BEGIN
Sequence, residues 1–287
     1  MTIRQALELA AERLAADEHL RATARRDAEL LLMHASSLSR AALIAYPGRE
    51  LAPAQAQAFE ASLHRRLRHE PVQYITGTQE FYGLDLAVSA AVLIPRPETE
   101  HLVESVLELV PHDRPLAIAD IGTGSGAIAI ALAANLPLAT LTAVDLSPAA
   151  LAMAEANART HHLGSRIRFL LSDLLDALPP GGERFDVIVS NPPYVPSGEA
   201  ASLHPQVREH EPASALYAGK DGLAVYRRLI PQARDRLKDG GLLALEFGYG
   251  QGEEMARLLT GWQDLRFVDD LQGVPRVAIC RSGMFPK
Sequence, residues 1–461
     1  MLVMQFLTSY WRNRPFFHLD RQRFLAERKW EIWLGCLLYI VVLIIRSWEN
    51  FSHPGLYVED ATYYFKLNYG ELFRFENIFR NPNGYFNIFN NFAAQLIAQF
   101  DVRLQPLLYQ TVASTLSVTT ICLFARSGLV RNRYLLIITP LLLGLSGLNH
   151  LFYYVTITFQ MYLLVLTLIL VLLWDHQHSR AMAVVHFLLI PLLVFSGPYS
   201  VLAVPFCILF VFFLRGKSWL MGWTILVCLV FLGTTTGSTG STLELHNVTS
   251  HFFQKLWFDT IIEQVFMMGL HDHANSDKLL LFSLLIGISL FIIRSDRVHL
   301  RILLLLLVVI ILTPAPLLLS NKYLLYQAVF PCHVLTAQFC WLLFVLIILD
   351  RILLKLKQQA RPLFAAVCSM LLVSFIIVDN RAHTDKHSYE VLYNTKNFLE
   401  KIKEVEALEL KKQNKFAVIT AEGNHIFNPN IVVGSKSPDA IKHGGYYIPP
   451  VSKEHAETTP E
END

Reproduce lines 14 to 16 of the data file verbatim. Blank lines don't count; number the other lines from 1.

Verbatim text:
   251  HFFQKLWFDT IIEQVFMMGL HDHANSDKLL LFSLLIGISL FIIRSDRVHL
   301  RILLLLLVVI ILTPAPLLLS NKYLLYQAVF PCHVLTAQFC WLLFVLIILD
   351  RILLKLKQQA RPLFAAVCSM LLVSFIIVDN RAHTDKHSYE VLYNTKNFLE